Why has it been called the "Gold Standard" for teaching the dyslexic student?

 


1.  Orton-Gillingham is an approach, not a method. This means that it is  flexible and focuses on the needs of the individual student. While the  tutor carefully constructs each lesson in advance, he/she is able to  make appropriate changes in the moment when needed. This is called  diagnostic teaching. This requires a highly trained experienced  practitioner who has mastered both the theory and the practice of  Orton-Gillingham. A method, on the other hand, 1) uses the same  pre-packaged lessons for all students, 2) all students begin at the same  point and 3) they must all proceed at the same pace.


2.  Orton-Gillingham is truly multi-sensory, in that both the visual, the  auditory and the kinesthetic-tactile pathways of learning are used  simultaneously.


3.  Another distinctive feature of the Orton-Gillingham Approach is that  reading, spelling and written language are taught simultaneously. It is  not only a reading approach.


4.  Orton-Gillingham is structured, meaning that the structure of the  language is taught and that each lesson is carefully crafted using the  same lesson segments each time and the same processes in teaching the  student to the point of automaticity.


5.  Orton-Gillingham is sequential, meaning that the language is taught  from the simple to the more challenging; from the concrete to the  abstract; from short, regular forms to longer and irregular forms.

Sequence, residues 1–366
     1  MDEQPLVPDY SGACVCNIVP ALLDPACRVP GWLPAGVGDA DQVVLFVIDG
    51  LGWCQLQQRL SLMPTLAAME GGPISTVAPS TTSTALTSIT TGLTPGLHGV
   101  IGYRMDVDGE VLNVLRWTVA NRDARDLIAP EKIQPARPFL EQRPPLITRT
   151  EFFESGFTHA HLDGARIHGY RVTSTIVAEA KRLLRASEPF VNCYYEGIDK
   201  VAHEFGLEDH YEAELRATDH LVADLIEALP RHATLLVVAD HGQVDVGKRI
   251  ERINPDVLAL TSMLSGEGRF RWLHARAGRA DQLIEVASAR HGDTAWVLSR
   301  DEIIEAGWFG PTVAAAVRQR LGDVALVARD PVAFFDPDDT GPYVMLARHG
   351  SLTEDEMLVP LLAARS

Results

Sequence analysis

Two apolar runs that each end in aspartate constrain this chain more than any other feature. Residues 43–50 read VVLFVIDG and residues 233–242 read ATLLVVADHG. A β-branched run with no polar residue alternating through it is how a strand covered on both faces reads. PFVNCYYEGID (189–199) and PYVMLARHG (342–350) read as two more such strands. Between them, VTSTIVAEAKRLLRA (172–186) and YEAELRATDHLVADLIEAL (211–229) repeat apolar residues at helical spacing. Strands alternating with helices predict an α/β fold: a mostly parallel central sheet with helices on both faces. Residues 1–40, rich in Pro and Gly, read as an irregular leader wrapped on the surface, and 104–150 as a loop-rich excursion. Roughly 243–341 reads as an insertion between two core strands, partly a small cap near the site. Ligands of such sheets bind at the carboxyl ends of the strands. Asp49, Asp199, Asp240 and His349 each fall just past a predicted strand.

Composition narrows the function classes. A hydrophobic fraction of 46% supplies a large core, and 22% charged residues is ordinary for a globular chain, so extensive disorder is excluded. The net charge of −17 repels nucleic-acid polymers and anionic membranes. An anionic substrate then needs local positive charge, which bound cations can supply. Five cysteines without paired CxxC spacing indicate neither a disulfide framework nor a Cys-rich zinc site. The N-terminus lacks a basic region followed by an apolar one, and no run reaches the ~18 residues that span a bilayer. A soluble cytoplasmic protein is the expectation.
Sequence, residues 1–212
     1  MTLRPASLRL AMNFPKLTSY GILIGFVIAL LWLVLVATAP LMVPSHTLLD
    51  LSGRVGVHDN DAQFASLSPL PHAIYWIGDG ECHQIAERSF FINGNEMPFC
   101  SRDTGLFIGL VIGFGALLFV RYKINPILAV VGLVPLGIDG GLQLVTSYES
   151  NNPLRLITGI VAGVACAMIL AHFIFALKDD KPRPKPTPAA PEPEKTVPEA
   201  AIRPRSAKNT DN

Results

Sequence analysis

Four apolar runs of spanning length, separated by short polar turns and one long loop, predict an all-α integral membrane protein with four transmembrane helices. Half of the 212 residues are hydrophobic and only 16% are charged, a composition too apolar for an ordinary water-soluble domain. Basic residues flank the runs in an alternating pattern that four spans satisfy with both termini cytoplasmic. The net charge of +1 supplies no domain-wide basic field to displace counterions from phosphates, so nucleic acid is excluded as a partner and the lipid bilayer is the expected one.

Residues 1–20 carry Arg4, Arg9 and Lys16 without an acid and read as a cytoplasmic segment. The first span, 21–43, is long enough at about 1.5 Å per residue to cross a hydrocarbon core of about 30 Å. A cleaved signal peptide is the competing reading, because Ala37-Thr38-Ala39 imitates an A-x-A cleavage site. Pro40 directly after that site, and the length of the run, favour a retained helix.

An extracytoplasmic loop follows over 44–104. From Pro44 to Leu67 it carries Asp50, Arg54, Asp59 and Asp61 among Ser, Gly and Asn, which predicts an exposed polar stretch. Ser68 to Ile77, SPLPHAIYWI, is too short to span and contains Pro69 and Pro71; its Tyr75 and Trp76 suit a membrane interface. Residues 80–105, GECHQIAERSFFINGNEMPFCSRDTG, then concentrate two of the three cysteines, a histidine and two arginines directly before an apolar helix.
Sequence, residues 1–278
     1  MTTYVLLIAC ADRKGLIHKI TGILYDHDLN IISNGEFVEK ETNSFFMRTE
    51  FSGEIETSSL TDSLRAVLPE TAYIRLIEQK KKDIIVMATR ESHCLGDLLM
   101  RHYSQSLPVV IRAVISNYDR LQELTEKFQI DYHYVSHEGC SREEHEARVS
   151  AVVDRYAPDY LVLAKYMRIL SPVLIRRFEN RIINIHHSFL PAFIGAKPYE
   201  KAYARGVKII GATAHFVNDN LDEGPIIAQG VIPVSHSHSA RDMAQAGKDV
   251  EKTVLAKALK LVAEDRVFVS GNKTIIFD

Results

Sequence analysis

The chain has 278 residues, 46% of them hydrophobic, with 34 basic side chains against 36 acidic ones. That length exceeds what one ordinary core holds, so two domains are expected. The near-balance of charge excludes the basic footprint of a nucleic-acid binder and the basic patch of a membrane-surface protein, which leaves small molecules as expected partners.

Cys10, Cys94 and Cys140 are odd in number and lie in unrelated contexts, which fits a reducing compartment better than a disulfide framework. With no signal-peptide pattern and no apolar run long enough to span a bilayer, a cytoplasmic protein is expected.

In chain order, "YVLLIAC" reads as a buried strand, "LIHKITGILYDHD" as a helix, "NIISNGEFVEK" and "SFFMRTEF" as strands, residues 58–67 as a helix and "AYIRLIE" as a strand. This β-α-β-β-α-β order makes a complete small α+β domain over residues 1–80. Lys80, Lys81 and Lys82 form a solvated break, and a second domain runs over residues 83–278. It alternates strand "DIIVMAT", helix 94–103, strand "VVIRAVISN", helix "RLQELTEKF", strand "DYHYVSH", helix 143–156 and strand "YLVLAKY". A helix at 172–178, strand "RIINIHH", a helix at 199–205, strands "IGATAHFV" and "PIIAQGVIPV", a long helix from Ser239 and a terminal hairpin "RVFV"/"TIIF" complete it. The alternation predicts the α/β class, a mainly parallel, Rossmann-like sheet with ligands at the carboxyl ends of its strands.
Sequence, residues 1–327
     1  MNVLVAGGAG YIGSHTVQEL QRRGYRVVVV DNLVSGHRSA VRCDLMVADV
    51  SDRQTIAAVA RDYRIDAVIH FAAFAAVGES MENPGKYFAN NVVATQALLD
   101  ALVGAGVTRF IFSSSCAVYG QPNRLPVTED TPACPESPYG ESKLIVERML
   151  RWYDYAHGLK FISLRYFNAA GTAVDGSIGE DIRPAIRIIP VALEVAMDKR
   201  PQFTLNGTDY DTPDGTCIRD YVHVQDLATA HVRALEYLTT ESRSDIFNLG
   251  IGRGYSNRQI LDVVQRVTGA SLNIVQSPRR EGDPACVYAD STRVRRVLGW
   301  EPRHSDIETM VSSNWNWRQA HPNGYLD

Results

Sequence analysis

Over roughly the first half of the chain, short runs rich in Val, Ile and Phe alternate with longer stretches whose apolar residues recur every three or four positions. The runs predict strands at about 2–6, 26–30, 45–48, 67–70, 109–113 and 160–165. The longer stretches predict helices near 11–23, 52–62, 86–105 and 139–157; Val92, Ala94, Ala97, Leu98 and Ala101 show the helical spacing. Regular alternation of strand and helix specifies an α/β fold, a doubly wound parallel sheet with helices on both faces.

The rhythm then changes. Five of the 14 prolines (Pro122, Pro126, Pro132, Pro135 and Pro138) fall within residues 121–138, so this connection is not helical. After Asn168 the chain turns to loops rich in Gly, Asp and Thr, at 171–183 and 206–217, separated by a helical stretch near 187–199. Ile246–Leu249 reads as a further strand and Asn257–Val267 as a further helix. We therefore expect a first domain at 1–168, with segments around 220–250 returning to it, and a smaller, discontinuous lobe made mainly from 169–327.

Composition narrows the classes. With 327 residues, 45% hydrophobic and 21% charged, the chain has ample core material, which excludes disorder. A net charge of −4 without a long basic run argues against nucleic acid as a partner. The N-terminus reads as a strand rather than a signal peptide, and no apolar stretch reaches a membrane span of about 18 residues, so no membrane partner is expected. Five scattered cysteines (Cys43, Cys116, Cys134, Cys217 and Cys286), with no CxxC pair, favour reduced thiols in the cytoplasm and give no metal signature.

6. Orton-Gillingham directly teaches phonics - the alphabetic symbol-to-sound and sound-to-symbol relationships.


7.  Orton-Gillingham teaches the logic of the language; it is 85% regular  for reading and spelling when one knows the rules and patterns. Only 15%  of the language is irregular or non-phonetic. These words must be  memorized for both reading and spelling in a logical sequence, using an  appropriate multi-sensory process.


8.  Orton-Gillingham teaches for mastery. A careful sequence is followed.  New learning is connected with prior learning. Much practice is  incorporated and the student is taken at his/her own pace to the point  of mastery, or life-long learning.


9.  The Orton-Gillingham Approach was developed by the neurologist, Dr.  Samuel Torrey Orton and, later, his colleague, educator Anna Gillingham,  specifically for the dyslexic student. It has withstood the test of  time, having been successfully used with thousands of dyslexic students  for more than 70 years. In recent years this multi-sensory structured  language approach has been independently validated by modern research  using Positron Emission Tomography (PET scans) and functional Magnetic  Resonance Imaging (MRI), as well as studies by the National Institutes  of Health at Haskins Laboratory at Yale University and at 17 other  universities.